Changing Patterns XXV

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Changing Patterns XXV Mortgage Lending to Traditionally Underserved Borrowers & Neighborhoods in Boston, Greater Boston and Massachusetts, 2017 BY Jim Campen Professor Emeritus of Economics University of Massachusetts/Boston N OV E M B E R 2 0 1 8 A R E P O R T P R E PA R E D F O R M C B C MASSACHUSETTS COMMUNITY & BANKING COUNCIL P.O. BOX 45578 SOMERVILLE, MA 02145 www.mcbc.info 800.982.8268

ACKNOWLEDGEMENTS Preparation of this report was overseen by an advisory committee consisting of six members of the Mortgage Lending Committee of the Massachusetts Community & Banking Council (MCBC)—Brook Ames of Leader Bank, Tom Callahan of the Massachusetts Affordable Housing Alliance, Lisa Fiandaca of MassHousing, Aida Franquiz of Boston Private Bank, Renee Owens of Blue Hills Bank, and Elliot Schmiedl of the Massachusetts Housing Partnership, plus Regan St. Pierre, MCBC’s Executive Director. Stuart Ryan of Bank Maps LLC produced the map. Eileen Callahan of Eileen Callahan Design designed the report and prepared the PDF file. In spite of helpful comments and suggestions received, the ideas and conclusions in this report are the responsibility of the author, and should not be attributed to members of the advisory committee or to officers or board members of the MCBC. This report is available online at: www.mcbc.info/publications/mortgage-lending. Copyright 2018, Massachusetts Community & Banking Council. All Rights Reserved.

FOREWORD The Massachusetts Community & Banking Council (MCBC) is pleased to offer Changing Patterns XXV, its 25th report on mortgage lending patterns in the state of Massachusetts. The report includes data on mortgage lending trends in minority neighborhoods in Massachusetts in 2017 with comparisons to lending trends in majority white neighborhoods and with comparisons to local demographic characteristics. The primary goal of this report is to contribute to improved credit flows to homebuyers across Massachusetts, particularly in minority neighborhoods, by presenting a careful description of mortgage lending trends. MCBC was established in 1990 to bring together community organizations and financial institutions to affect positive change in the availability of credit and financial services across Massachusetts by encouraging community investment in low and moderate income and minority group neighborhoods and providing research, other information, assistance and direction in understanding and addressing the credit and financial needs of low and moderate income individuals and neighborhoods. MCBC’s Mortgage Lending Committee, which includes representatives from city and state programs, regulatory agencies, community and non-profit organizations and financial institutions, oversees the promotion of this report and works to identify other ways to leverage public and private resources to support mortgage lending and across the Commonwealth. The Committee regularly hosts speakers from a variety of city, state and community-based programs that assist first time homebuyers and promote affordable home ownership in low- and moderate-income areas. This report and its supplementary tables, as well as earlier reports from the Mortgage Lending Committee, are available on MCBC’s website at www.mcbc.info. Other MCBC reports are also available at this website, together with further information on MCBC’s committees and programs. MCBC depends on the financial support of its members to produce reports like this one. MCBC thanks the following financial institutions for their 2018 membership: Abington Bank Bank of Canton Blue Hills Bank Boston Private Bank & Trust Bridgewater Savings Bank Cambridge Savings Bank Cape Cod Five Savings Bank Capital One Citizens Bank Colonial Federal Savings Bank Community Credit Union Dedham Institution for Savings Eagle Bank East Cambridge Savings Bank Eastern Bank Leader Bank, N.A. Main Street Bank Mansfield Co-operative Bank Metro Credit Union Needham Bank North Cambridge Co-op Bank Northern Bank & Trust Co. Patriot Community Bank People’s United Bank Pilgrim Bank Radius Bank RTN Federal Credit Union Santander StonehamBank TD Bank The Cooperative Bank The Savings Bank The Village Bank Walpole Cooperative Bank Wellesley Bank Winchester Co-operative Bank MCBC’s 2018 Community Partners include ACCION, Citizens Housing and Planning Association, Community Teamwork, Inc., ESAC, the Fair Housing Center of Greater Boston, Financial Education Associates, Interise, the Massachusetts Affordable Housing Alliance, the Massachusetts Association of CDCs, the Massachusetts Association of Housing Cooperatives, the Massachusetts Housing Partnership, MassHousing, the Metropolitan Boston Housing Partnership, the Somerville Community Corporation, the South Eastern Economic Development (SEED) Corporation, and Wayfinders. Government Agency and Other Partners include City of Boston Department of Neighborhood Development, Consumer Credit Counseling Services, Don’t Borrow Trouble (Freddie Mac), FDIC Money Smart Program, Federal Reserve Bank of Boston, Massachusetts Bankers Association, Massachusetts Credit Union League, Massachusetts Division of Banks, and the Massachusetts Mortgage Bankers Association.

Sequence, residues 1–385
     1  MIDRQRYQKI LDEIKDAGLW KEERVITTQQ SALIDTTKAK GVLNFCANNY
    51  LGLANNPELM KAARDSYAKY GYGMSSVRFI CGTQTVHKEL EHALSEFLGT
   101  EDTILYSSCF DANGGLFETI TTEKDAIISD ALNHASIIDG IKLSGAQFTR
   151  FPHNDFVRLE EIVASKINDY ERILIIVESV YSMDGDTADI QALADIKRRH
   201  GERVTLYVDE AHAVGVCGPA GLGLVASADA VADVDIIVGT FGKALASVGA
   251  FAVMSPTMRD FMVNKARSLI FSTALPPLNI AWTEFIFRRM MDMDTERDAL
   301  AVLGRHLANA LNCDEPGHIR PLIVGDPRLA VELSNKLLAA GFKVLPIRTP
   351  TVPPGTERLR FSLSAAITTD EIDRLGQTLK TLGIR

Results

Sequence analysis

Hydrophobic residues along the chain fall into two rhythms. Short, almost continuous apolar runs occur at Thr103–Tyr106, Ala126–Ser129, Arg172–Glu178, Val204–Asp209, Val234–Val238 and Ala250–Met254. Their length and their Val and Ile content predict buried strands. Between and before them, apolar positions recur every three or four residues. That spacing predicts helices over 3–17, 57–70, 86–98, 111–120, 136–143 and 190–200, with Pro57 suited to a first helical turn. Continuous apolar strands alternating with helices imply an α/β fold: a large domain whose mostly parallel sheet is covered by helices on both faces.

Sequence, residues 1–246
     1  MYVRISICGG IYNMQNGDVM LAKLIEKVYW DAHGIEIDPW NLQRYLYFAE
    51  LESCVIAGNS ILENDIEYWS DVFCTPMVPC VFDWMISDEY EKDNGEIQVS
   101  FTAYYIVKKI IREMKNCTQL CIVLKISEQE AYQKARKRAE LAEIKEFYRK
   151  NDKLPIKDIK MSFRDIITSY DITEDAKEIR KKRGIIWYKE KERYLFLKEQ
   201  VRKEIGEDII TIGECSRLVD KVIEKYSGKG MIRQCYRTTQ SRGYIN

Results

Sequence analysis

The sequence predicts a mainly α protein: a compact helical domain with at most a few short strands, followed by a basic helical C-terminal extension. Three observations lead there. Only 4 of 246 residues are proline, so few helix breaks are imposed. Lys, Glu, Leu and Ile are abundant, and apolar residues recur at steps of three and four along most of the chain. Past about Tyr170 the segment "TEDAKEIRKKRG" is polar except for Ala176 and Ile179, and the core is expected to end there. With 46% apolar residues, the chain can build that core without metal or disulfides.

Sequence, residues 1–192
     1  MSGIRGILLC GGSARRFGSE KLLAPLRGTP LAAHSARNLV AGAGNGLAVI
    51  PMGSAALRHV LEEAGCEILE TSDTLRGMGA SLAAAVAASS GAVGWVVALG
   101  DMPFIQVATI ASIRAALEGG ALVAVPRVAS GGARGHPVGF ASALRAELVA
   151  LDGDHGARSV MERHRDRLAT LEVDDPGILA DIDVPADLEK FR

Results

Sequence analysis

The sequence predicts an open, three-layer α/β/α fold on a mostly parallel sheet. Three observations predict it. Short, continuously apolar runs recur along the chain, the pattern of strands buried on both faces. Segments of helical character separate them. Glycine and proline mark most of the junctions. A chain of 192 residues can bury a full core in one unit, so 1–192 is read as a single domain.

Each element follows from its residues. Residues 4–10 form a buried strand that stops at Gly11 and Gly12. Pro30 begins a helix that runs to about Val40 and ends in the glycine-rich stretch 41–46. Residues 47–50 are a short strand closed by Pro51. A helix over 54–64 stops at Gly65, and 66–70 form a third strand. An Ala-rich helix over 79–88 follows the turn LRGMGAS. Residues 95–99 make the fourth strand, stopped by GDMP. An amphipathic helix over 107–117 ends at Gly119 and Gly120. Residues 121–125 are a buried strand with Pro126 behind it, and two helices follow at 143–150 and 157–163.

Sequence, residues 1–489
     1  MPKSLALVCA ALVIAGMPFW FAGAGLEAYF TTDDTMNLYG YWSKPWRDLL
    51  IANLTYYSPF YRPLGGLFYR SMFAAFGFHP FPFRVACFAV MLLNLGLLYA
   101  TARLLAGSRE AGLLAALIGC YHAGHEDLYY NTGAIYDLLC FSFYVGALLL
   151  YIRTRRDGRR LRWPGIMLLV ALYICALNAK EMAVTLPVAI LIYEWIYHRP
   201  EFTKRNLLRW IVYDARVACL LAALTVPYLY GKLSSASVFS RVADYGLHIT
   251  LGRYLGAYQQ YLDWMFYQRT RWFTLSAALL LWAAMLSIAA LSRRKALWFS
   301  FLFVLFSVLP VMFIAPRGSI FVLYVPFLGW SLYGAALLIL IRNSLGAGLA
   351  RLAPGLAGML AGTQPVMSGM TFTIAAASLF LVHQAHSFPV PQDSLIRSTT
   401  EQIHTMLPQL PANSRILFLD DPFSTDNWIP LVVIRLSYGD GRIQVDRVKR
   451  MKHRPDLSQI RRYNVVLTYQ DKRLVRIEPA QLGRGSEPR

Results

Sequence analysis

CONTENTS Executive Summary.i Introduction .1 I. The Overall Level and Composition of Mortgage Lending .4 II. Lending by Borrower Race/Ethnicity and Income .5 III. Lending by Neighborhood and Municipality.9 IV. Denials of Mortgage Loan Applications .12 V. Lending by Major Type of Lender .15 VI. The Biggest Lenders .17 VII. Recent Legislative and Regulatory Developments .19 Map of Greater Boston Tables 1–3: The Overall Level and Composition of Mortgage Lending Tables 4–13: Lending by Borrower Race/Ethnicity and Income Tables 14–19: Lending by Neighborhood Race/Ethnicity and Income Tables 20–22: Denials of Mortgage Loan Applications Tables 23–26: Lending by Major Type of Lender Tables 27–28: The Biggest Lenders Appendix Tables 1–12 Notes on FHA (and VA) Lending .N-1 Notes on Data and Methods .N-4 Note: A set of Supplemental Tables provides information on lending in all 351 cities and towns in Massachusetts, including totals for the state’s fourteen counties. These tables are available in the “Publications” section of the MCBC website: www.mcbc.info/publications/mortgage-lending.